The approach introduced here for three slits can be extended to multiple slits in a straightforward way. For example, Fig. 8 shows the application to five slits, where there are three even modes cross-coupling and the transmission curve exhibits two Fano resonances in one period since the modes are not entirely degenerate. Extending to a greater number of slits can be obtained with the same approach. It should be noted that others have investigated the infinite slit case, but for that case, it is a standard mode-matching response [8].

For two slits, only one even mode is excited for normal incidence, so it cannot present super-transmission. For four slits, super-transmission is again possible. Therefore, by symmetry arguments, three slits is the minimum required to obtain super-transmission for normal incidence. In Ref. 14, a dielectric-loaded double-slit structure shows super-transmission at angled incidence, where symmetry breaking is present. In that work, a coupled-mode theory was used that treats the modes as generic oscillators, which requires extraction of the oscillator parameters ab extra, whereas our theory is self-contained. Also, the dielectric loading of the slits introduces experimental complexity.

The dependence of Fano resonance on the thickness of the metal can be written as the usual Fabry-Pérot cavity condition $\beta l+\phi =m\pi $ [19], where$\beta $ is the propagation constant in the slit cavity, $l$ is the length of the slit, $m$is an integer and $\phi $ is the shifted phase due to the refection at the end of the slit. Figure 9 shows the example of the dependence for the three slit in a PEC film, where the propagation reduced as ${k}_{0}=2\pi /\lambda .$ The additional phase $\phi $ can be found as $0.992\pi $ at Fano resonances by $\phi =m\pi -2\pi l/{\lambda}_{res}$from Fig. 8 and $0.926\pi $ for the Fabry-Pérot resonance. The phase shift for the higher order mode is closer to π because it is not only extremely subwavelength, but also has a rapid transverse oscillation which makes the ${I}_{\nu \nu}$ integral of Eq. (6) predominantly imaginary. This difference comes from the distinction of the dominant modes and cross-coupling; that is, both modes play a role in the Fano resonance, while the dominant mode of Fabry-Pérot resonance is only the lowest order “bright” mode.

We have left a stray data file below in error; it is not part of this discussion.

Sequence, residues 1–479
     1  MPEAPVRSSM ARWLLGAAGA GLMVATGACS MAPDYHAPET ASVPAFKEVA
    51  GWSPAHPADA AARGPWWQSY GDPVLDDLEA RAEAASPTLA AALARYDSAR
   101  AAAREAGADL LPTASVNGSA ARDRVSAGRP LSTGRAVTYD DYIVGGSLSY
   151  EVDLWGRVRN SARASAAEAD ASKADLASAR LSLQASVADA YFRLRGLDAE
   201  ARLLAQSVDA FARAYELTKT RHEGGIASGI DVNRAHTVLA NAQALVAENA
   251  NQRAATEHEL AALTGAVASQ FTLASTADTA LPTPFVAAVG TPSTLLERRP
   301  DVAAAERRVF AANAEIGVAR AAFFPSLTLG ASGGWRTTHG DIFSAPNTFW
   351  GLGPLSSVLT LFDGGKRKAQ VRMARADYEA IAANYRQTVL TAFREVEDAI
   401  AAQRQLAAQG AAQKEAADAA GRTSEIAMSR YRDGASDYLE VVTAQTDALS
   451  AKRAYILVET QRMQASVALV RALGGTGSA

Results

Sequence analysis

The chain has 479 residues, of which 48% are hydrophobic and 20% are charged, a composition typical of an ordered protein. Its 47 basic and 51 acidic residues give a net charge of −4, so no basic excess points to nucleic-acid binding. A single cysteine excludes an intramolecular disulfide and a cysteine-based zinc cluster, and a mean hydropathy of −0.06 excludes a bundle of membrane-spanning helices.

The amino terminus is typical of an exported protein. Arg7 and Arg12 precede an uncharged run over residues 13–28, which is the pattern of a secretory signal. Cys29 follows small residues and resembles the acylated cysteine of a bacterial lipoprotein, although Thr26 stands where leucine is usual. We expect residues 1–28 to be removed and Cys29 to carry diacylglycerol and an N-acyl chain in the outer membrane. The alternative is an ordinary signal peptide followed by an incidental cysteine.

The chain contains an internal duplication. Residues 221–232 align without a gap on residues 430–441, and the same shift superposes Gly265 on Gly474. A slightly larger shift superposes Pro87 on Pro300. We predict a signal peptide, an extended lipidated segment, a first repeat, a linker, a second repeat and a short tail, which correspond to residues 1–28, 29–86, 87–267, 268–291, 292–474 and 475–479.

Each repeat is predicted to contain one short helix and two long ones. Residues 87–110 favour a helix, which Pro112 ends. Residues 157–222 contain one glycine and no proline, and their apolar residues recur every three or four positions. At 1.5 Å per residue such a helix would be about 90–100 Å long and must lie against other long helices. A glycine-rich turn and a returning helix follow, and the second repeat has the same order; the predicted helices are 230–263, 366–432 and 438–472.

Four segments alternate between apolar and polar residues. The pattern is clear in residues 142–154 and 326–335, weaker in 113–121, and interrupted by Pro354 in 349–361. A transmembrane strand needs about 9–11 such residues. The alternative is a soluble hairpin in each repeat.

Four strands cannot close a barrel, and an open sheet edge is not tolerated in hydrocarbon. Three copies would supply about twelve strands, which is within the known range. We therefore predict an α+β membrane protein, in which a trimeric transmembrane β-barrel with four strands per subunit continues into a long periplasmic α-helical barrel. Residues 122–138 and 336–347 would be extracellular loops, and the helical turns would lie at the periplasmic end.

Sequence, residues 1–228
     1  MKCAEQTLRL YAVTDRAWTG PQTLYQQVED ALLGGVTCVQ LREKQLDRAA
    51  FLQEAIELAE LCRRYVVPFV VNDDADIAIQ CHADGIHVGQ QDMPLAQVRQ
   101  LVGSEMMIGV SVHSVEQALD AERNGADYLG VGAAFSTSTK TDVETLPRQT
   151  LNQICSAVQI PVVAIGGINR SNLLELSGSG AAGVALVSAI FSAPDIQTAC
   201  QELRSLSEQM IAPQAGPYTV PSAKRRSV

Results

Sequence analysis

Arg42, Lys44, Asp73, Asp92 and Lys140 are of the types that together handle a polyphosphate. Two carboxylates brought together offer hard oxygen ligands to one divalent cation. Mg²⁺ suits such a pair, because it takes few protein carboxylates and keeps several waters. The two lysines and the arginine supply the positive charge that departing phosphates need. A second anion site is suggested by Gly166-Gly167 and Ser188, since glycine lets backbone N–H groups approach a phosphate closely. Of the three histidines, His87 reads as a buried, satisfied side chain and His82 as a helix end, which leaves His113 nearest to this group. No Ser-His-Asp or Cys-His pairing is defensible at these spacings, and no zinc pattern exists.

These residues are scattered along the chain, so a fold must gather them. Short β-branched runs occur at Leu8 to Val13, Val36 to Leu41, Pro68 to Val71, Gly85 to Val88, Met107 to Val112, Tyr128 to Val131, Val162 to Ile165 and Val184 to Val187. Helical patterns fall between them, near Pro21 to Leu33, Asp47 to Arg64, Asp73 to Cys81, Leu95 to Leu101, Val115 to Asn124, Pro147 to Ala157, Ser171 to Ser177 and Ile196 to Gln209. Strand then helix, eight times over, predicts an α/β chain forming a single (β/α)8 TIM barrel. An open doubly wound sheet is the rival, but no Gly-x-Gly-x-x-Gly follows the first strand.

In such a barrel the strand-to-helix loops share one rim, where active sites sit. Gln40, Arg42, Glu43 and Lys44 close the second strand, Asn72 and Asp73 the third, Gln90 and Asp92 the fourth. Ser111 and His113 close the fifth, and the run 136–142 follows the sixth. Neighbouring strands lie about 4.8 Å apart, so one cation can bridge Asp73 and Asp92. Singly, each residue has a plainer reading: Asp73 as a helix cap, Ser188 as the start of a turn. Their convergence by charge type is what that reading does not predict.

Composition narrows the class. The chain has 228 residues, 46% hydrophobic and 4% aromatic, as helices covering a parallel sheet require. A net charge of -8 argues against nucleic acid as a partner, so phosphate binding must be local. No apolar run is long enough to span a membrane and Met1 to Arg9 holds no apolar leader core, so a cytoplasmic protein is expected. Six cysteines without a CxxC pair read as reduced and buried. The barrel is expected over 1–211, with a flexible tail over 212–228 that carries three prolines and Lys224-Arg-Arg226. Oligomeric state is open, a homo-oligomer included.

## 7. Conclusions

We presented a theory of transmission through multiple subwavelength slits in metal film. Taking the influence of finite conductance or permittivity into account, this theory shows excellent agreement with experiment and simulation for real metals over a broad range of frequencies, as well as for a PEC. We investigated the single channel limit in the single slit system and super-transmission from multiple slits, where the single-channel limit is exceeded through a Fano resonance through multiple channels. We provided an analytical approach to study the cross-coupling of slits cavity. The results presented are interesting to enhanced spectroscopy applications where squeezing light below the diffraction limit is required.

## Acknowledgments

Shuwen Chen acknowledges the funding support from the Chinese Scholarship Council. This work is supported by the NSERC (Canada) Discovery Grant.